Hincapie: From hell to the heavens
On Thursday afternoon, a U.S. Postal rider charged up the switchbacks toward a stark Pyrenean peak during stage 11 of the Tour de France. The mountain air on the Cat. 1 climb to La Mongie was cooler than it had been in the approaching valley, and the white clouds that closed in on the barren peaks seemed close enough to touch. Down in the trenches, however, on the cracked and painted pavement, it was hot as hell. The rider was George Hincapie, and the setting was a world away from that other place where Hincapie thrives: the cold, dreary and mostly cobbled world of the spring classics. Both
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By Kip Mikler, VeloNews editor
On Thursday afternoon, a U.S. Postal rider charged up the switchbacks toward a stark Pyrenean peak during stage 11 of the Tour de France. The mountain air on the Cat. 1 climb to La Mongie was cooler than it had been in the approaching valley, and the white clouds that closed in on the barren peaks seemed close enough to touch.
Down in the trenches, however, on the cracked and painted pavement, it was hot as hell. The rider was George Hincapie, and the setting was a world away from that other place where Hincapie thrives: the cold, dreary and mostly cobbled world of the spring classics. Both are hotbeds of cycling fans’ passions, both holy in their own ways.
Hincapie is the only rider in the world who each year goes from being a spring classics team leader to a crucial cog in the mountain machine of a Tour de France team. From the crush of cowbell-ringing Belgian fans in April to the dense tunnel of orange-clad Basques dancing and singing in the Pyrénées in July, he is a player on both stages.
On Thursday, after he helped set the tempo for Lance Armstrong and the Postal attack over the day’s toughest climb, the “above category” Col d’Aubisque, Hincapie’s day could have been finished. That’s his job: Motor in the early climbs and then let the real climbers on the team — José Luis Rubiera, Roberto Heras and , of course, Armstrong — take over.
But on this day, Hincapie had something more. So when it came time for the final climb, the one that would begin the story of who would be the overall champion of this Tour de France, he was again there at the front.
“I made it over the first climb really feeling strong,” Hincapie said. “So then Lance told me to sit on so I could give everything I had on the first 3, 4, or 5K on La Mongie.”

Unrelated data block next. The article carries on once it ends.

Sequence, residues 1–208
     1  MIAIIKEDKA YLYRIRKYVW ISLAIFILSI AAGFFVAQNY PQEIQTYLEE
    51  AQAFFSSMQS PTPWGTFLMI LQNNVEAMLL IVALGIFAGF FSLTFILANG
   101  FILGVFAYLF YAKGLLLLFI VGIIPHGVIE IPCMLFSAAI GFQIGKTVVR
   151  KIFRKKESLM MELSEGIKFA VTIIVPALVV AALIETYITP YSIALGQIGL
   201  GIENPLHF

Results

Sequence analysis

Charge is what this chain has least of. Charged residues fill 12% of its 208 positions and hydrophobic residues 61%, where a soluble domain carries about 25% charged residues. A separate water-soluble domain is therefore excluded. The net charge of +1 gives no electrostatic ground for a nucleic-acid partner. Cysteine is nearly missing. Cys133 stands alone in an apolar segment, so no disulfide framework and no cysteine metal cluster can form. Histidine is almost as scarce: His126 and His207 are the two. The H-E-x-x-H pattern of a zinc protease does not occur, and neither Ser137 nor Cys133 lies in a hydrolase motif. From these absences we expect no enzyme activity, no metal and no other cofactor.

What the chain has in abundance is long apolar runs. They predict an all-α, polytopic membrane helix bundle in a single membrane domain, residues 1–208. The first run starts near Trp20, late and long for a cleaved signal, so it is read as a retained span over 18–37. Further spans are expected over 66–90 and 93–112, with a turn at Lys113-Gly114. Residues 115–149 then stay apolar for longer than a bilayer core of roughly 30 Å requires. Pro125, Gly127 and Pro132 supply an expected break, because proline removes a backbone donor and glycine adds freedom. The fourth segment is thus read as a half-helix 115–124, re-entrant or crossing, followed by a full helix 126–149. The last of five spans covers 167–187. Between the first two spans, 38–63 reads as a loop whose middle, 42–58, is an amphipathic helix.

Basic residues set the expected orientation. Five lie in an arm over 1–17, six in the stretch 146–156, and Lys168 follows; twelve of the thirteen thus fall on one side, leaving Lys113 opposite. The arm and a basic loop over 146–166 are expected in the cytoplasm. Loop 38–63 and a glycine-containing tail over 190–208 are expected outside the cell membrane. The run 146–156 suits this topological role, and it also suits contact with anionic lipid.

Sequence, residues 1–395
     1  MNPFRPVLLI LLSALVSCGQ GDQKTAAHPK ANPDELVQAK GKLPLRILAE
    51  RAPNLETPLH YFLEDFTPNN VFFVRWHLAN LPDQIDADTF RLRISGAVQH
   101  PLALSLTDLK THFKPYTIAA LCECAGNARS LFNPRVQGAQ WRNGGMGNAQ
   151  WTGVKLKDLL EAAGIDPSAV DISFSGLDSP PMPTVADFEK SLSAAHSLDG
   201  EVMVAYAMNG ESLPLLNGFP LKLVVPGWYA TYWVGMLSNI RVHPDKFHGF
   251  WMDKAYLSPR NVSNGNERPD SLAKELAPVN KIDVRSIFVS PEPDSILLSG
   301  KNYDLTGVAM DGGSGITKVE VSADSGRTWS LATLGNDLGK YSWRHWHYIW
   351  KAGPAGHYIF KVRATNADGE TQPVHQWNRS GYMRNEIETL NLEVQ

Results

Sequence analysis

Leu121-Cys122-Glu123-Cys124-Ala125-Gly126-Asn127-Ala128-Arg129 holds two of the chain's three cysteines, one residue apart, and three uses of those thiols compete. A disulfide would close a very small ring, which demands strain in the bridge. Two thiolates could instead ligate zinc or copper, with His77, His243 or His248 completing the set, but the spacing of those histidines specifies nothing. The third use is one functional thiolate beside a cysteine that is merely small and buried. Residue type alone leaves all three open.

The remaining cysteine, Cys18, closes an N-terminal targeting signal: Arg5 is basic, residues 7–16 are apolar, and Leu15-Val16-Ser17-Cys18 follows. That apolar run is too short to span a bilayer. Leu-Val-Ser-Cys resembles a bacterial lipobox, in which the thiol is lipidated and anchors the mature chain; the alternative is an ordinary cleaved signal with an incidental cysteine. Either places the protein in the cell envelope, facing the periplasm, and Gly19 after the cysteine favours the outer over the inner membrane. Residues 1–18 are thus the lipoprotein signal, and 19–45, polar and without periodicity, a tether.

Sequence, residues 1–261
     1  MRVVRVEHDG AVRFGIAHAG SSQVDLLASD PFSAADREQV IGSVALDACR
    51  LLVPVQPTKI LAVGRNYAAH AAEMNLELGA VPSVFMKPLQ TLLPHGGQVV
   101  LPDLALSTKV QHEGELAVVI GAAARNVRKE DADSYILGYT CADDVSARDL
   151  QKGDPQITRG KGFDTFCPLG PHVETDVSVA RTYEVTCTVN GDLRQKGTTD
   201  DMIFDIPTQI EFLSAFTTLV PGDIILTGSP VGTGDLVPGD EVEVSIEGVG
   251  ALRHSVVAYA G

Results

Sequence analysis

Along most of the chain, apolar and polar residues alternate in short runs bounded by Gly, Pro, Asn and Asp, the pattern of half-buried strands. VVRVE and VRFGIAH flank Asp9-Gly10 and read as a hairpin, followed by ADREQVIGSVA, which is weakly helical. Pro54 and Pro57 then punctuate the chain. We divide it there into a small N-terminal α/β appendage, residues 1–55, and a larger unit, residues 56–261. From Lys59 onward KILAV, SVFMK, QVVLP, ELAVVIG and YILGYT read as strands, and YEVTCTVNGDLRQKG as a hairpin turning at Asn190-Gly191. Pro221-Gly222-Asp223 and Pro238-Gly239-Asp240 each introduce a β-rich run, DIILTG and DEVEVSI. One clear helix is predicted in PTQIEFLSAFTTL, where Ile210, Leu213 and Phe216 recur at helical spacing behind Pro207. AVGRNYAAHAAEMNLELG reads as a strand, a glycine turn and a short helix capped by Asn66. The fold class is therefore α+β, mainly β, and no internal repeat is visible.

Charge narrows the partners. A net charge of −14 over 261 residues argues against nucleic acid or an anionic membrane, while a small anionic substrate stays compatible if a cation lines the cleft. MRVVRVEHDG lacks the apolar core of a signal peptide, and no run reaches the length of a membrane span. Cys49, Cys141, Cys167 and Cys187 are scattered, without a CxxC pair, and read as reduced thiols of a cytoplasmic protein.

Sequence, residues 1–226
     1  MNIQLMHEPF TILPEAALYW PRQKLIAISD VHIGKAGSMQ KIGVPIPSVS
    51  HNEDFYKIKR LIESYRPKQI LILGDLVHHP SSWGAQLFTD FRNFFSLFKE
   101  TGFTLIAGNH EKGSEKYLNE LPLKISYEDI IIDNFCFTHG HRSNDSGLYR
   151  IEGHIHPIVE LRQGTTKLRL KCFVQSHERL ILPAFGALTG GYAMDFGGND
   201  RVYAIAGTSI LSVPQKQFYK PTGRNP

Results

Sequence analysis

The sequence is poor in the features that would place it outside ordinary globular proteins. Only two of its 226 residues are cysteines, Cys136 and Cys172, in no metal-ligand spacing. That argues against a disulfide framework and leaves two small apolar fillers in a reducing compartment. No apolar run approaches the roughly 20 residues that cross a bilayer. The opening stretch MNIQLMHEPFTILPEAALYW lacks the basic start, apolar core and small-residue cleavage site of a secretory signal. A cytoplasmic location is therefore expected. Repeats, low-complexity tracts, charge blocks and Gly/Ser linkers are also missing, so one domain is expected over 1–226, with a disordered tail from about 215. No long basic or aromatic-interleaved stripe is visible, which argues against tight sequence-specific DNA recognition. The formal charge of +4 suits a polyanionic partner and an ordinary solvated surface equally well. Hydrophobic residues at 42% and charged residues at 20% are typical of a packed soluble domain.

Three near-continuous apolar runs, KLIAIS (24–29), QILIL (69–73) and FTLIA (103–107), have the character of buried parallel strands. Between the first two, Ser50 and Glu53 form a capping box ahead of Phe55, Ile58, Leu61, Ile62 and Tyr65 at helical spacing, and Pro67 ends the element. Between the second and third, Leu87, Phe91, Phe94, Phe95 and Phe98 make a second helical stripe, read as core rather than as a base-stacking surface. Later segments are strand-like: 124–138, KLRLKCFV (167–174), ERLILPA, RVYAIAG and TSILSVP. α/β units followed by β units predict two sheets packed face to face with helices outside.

For the record, he gave 5K, maybe a little more.
And this climbing form is no fluke, insisted Hincapie after he rolled across the finish and took shelter from the blazing sun in the back of a U.S. Postal team car. While it’s difficult to imagine other perennial Paris-Roubaix tough guys leading climbers like Joseba Beloki and Oscar Sevilla up the epic mountains of the Tour de France, Hincapie makes it his job to be ready for these days.
“I’m capable of doing that,” Hincapie said when someone asked him if he was surprised at the way he performed in the mountains. “I do a lot of work in the mountains training. At [The Tour of] Catalonia I helped Roberto a lot in the mountains and I’ve really made a big effort to be able to help in the hills. I was hoping I’d feel good, and all the work I’ve been doing paid off.”
It was a hard day in the saddle for the entire U.S. Postal team, which rode more aggressively than most expected in the first day in the mountains. “We could tell from the gun that ONCE wasn’t controlling, so we just assumed that they were a bit tired,” Hincapie said. “So we decided to just kind of pretend like we had the jersey. Lance felt good, and we all felt good.”
After helping set tempo and keep things under control over the Col d’Aubisque, Hincapie did what the boss ordered and sat in through the valley so he could be there at the end. Besides the ONCE team — which had the yellow jersey on the back of Igor Gonzales de Galdeano, as well as overall threat Beloki — Postal had Laurent Jalabert to worry about. Two days after announcing that he will retire at the end of the season, Jalabert seemed headed for a storybook stage win when he hit the final climb with a lead of 3:20 on the field.
But Postal had other plans. Hincapie started driving the dwindling field at the bottom of the climb, 13km before the finish, and the mountain drama, the drama that usually determines who will be the overall winner of the Tour, began to unfold. After just a few kilometers, Jalabert’s gap was dropping drastically. His long break, which started early in the stage, would end just 3km from the finish.
“After I finished, [Rubiera] took over, and then Roberto took over,” Hincapie said.
The leaders blasted by Jalabert, and over the final kilometers only Armstrong and Beloki could hang with the pace set by Heras. When Armstrong made his winning attack, a little over 200 meters from the finish, it was the final component of a well-orchestrated day for the Postal team.
“It’s awesome,” Hincapie said. “I’m really excited about it.”
Clearly, his teammates — especially Armstrong, who pulled on the yellow jersey over his head at the end of the day — are as well. Who else but Hincapie can conquer the Hell of the North in April and climb like an angel in the Pyrénées in July?